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Wright back

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  • | 10:00 a.m. October 31, 2014
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When Christopher Wright closed his civil engineering firm's Fort Myers office during the recession, he promised his employees he'd reopen it when the economy improved.

Wright recently delivered on his promise, reopening an office of RWA Consulting in Fort Myers. The firm's seven Fort Myers-area employees had been commuting to RWA's office in Naples during the recession.

“It's nothing more than a promise to them,” says Wright, the CEO of RWA. “Those people have been with us for the whole roller coaster ride.”

After retrenching during the downturn, finding and retaining qualified staff is once again on every firm's agenda, and Wright says providing office space for employees in Fort Myers is key to that. “Everybody in our industry right now is on the upswing,” he says.

At the peak of the real estate boom in 2006, RWA had as many as 97 employees. But as demand for civil engineering fell during the downturn, RWA pared back to about 25 employees. “We had a slow unraveling like everyone else,” says Wright.

RWA survived by shifting to government projects, which by 2009 made up 90% of the firm's work. “We were smart enough to get into the public sector,” Wright says.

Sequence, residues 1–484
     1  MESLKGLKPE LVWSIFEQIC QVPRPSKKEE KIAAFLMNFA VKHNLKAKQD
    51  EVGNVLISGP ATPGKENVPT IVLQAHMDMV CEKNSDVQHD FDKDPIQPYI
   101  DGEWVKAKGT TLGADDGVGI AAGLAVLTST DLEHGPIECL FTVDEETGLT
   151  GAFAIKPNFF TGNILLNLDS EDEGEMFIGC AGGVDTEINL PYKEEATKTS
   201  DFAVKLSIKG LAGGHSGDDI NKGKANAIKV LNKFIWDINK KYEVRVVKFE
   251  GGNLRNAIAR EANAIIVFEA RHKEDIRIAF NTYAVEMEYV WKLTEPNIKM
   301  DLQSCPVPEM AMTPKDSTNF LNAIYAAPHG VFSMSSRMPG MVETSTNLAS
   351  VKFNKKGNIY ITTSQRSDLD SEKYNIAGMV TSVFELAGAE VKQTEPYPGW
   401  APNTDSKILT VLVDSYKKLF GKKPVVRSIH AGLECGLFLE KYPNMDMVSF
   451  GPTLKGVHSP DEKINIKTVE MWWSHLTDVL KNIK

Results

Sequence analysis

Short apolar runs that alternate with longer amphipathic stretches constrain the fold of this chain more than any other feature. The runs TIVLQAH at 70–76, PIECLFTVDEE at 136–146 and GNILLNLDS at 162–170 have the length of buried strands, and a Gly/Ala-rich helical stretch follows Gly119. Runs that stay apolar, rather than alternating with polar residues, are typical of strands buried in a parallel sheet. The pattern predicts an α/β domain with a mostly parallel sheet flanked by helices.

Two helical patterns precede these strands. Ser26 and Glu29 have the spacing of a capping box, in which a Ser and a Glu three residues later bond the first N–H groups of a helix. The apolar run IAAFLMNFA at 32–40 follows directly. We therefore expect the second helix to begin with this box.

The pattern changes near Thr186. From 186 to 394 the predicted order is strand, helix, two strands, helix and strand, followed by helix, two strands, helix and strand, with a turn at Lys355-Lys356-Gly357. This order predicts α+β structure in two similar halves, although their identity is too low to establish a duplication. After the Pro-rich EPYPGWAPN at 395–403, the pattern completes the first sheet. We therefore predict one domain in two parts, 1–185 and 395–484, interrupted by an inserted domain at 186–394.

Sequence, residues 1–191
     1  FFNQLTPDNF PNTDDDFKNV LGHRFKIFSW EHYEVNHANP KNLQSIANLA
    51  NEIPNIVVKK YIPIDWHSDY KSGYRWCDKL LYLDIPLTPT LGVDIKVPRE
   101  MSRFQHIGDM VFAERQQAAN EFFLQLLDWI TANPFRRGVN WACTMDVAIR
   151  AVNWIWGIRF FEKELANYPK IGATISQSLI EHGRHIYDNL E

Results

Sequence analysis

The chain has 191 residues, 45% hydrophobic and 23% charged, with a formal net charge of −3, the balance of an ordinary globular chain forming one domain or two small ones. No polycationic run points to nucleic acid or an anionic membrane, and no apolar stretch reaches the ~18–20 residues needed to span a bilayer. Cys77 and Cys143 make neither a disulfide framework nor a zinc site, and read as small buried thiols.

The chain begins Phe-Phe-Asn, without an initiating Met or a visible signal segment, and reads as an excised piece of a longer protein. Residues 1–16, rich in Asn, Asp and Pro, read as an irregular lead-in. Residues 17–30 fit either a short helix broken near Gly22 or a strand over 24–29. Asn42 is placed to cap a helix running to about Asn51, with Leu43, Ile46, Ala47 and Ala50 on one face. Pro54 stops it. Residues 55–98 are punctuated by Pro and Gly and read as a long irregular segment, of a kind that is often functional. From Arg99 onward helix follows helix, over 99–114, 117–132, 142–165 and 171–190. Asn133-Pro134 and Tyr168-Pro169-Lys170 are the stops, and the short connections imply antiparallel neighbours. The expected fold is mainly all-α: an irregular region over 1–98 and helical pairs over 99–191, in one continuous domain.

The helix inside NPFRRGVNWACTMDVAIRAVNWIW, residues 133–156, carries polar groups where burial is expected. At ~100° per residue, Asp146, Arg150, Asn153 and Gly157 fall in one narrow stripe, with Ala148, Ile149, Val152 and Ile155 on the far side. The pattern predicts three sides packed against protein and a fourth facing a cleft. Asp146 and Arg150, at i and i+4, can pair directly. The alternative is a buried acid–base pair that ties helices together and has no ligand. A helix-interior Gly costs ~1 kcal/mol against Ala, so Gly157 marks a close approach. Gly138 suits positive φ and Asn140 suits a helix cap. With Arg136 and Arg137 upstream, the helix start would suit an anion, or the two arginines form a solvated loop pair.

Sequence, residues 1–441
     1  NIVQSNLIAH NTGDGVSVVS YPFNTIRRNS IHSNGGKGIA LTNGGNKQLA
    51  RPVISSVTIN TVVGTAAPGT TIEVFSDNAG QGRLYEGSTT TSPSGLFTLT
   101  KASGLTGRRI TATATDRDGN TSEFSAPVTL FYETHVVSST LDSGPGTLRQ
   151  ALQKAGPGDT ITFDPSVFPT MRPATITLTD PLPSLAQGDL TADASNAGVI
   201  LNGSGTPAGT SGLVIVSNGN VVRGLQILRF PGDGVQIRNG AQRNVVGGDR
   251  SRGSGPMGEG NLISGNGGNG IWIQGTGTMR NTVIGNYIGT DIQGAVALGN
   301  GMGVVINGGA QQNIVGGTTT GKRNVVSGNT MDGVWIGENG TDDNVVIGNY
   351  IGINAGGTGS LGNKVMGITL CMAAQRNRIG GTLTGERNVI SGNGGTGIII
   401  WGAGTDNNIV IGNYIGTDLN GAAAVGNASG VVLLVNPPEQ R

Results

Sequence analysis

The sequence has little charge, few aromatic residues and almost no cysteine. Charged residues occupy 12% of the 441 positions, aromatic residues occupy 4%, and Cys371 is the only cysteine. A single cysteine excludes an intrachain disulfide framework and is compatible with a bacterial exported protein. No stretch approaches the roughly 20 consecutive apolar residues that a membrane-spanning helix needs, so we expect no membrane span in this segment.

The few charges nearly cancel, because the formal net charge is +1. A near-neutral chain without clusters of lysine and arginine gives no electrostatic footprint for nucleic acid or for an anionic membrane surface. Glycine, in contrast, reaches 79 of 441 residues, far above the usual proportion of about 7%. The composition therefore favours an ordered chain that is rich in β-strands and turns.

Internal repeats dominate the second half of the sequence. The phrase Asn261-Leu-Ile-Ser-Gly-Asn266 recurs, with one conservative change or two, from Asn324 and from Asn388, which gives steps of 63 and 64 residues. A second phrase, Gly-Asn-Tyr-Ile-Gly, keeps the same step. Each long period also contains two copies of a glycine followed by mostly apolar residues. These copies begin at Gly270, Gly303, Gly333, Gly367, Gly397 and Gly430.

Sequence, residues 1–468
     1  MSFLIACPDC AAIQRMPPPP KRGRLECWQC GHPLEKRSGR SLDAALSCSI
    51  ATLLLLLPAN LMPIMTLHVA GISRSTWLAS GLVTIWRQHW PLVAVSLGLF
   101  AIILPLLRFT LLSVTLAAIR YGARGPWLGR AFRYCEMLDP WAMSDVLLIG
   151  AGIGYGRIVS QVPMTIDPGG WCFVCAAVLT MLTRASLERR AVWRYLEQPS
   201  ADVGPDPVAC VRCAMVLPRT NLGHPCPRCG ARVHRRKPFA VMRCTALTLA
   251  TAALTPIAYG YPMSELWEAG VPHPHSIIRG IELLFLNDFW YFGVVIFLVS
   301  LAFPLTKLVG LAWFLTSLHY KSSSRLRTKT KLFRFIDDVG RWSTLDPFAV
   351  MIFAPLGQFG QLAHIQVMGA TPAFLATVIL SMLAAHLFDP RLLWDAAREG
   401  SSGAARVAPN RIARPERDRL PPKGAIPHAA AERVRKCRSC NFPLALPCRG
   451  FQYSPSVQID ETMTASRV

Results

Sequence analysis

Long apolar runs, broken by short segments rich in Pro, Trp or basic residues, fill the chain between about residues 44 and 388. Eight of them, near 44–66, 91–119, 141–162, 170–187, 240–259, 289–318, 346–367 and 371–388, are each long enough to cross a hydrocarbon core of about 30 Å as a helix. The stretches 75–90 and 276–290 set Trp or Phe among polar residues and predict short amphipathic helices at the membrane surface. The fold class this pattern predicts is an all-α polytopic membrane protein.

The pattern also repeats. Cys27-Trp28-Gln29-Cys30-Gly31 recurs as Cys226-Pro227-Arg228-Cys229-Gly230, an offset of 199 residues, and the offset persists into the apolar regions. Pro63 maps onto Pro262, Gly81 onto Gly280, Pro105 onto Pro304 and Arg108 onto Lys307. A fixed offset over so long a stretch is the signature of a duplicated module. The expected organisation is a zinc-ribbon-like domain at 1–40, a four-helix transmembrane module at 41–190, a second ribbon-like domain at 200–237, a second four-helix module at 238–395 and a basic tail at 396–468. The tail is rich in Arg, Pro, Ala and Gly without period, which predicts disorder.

In addition, RWA teamed up with national firms such as CH2M Hill and Post Buckley to bid on larger projects in the region. “That strategy turned out to be a pretty good idea,” Wright says.

Now, the private sector is rebounding and Wright says it's once again the majority of its work. “We've been able to build a backlog,” he says. “The workload is more predictable and it's longer term.”

Wright says revenues at RWA could rise another 15% to 20%. The firm posted revenues of $2.5 million in 2013 and Wright anticipates revenues of $3 million this year. In 2005, revenues were $7.5 million.
The firm helps national homebuilders such as Pulte and D.R. Horton as well as regional firms such as Stock Development and Neal Communities with planning for new residential developments. That's because they need new lots to sell. “Most of the existing inventory has diminished,” Wright says.

The lot-inventory shrinkage started in the Naples area. “Collier County has been ahead of Lee County,” Wright says.

But Lee has become more attractive as land and housing costs escalated in Collier. “Lee County has a lot of good things going for it,” says Wright, singling out Southwest Florida International Airport, Florida Gulf Coast University and Hertz's new corporate headquarters.

Even inland counties are seeing renewed interest. Large landowners in areas such as Hendry County are securing development rights for future projects such as the Heartland Expressway, a proposed road that would run parallel to Interstate 75 through the center of the state.

Southwest Florida's growth is again attracting attention from outside the region. “Some of the east coast developers are looking at the west coast,” Wright says.

Follow Jean Gruss on Twitter @JeanGruss


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